President Bush made a point of saying in his State of the Union address that "America is addicted to oil." Of course, it's not the oil we're addicted to; it's the price. We like oil because oil is cheap--not compared to what it cost two years ago, but compared to what alternatives cost today. If you want to see consumption drop quickly simply raise the price. By heavily taxing oil, or by heavily subsidizing alternatives, we can dramatically reduce consumption. Of course, either choice would take money out of taxpayers' pockets and may even cause an economic recession. So as long as oil remains a relative bargain, we should continue to use it.

On an unrelated matter, I noticed that Standard & Poor's said after the market closed today that it will add Google to the 500 Index. The stock jumped 20 or 30 points higher in aftermarket trading. In my view, this makes the stock even more overvalued. However, it may stay at current levels as index funds will be forced to buy it. This buying activity will end on March 31 when Google is officially added to the S&P 500 Index. Expect the stock to weaken shortly thereafter.

Monday, March 20, 2006

Coming Events

Tomorrow morning I'll be interviewing Kevin Landis, Chief Investment Officer of Firsthand Capital Management. Firsthand specializes in technology. It manages about a billion dollars and almost half of that is in its Technology Value Fund. I'll be asking Mr. Landis if "technology value" isn't an oxymoron, and why it makes sense to buy technology now. This MoneyMasters interview will be posted on on Thursday morning.

Later on Thursday, I will travel to Austin, Texas to take part in the CFA Society of Austin's market outlook dinner. I'll be sitting on a panel with Richard Bernstein of Merrill Lynch. Mr. Bernstein is well known for his rather bearish views on the economy and markets. At the current time, we seem to be in agreement on most issues. The panel will be moderated by Vinny Catalano, CEO of iView Research and former president of the New York Society of Security Analysts.

Thursday, March 16, 2006

Cautious on Stocks, but Opportunities Remain

Although I'm more concerned about an overvalued housing market, I'm often asked if the stock market is also overvalued. It's certainly no where near as overvalued as it was in early 2000. Yet I still have a cautious outlook for both the economy and the overall stock market. However, some stocks are performing exceptionally well; and the Forbes Growth Investor Top 50 recommended list is up almost 12% year-to-date.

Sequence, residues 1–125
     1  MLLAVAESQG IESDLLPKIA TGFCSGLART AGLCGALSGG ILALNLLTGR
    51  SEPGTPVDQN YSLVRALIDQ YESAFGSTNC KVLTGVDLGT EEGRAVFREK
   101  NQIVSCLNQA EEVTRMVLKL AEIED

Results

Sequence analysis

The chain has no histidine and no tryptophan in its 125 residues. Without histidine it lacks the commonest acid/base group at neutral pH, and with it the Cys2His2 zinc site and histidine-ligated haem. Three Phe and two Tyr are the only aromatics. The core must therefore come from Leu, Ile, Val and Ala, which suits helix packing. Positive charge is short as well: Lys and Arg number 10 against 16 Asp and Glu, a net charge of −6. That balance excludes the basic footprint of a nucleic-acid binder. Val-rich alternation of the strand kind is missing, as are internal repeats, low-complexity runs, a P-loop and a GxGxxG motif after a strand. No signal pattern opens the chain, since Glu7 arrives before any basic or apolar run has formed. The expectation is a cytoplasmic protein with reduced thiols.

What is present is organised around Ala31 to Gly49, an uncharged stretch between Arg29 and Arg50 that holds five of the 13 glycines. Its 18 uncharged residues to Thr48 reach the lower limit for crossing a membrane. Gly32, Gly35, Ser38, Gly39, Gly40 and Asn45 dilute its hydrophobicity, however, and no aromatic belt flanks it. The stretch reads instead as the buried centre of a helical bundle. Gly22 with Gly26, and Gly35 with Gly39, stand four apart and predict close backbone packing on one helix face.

For example, Sirenza Microdevices (SMDI) is up more than 60% since I added it to the recommended list on Jan. 12. This is a small ($300 million market cap) company that only recently began reporting profits. Yet management keeps revising higher its revenue and earnings projections.

Wesco International (WCC), an electrical construction products provider, is a much larger company ($3 billion market cap) that has almost quadrupled in value since it made it to my recommended list almost two years ago. Yet it's still selling for only 0.7 times sales and about 19 times expected 2006 earnings.

While I remain skeptical of the market's recent rally--especially in the face of $60 oil, an inverted yield curve, rising housing inventories, a negative savings rate, higher levels of personal debt, and only meager gains in real net worth--I still think it makes sense to look for promising investment opportunities.

Tuesday, March 14, 2006

NYSSA Corporate Governance Seminar

Last night, the New York Society of Security Analysts hosted a conference on corporate governance at Bloomberg headquarters. Speakers included Patrick McGurn of Institutional Shareholder Services, Nell Minow of The Corporate Library, Howard Sherman of GovernanceMetrics International, and Jack Zwingli of Audit Integrity.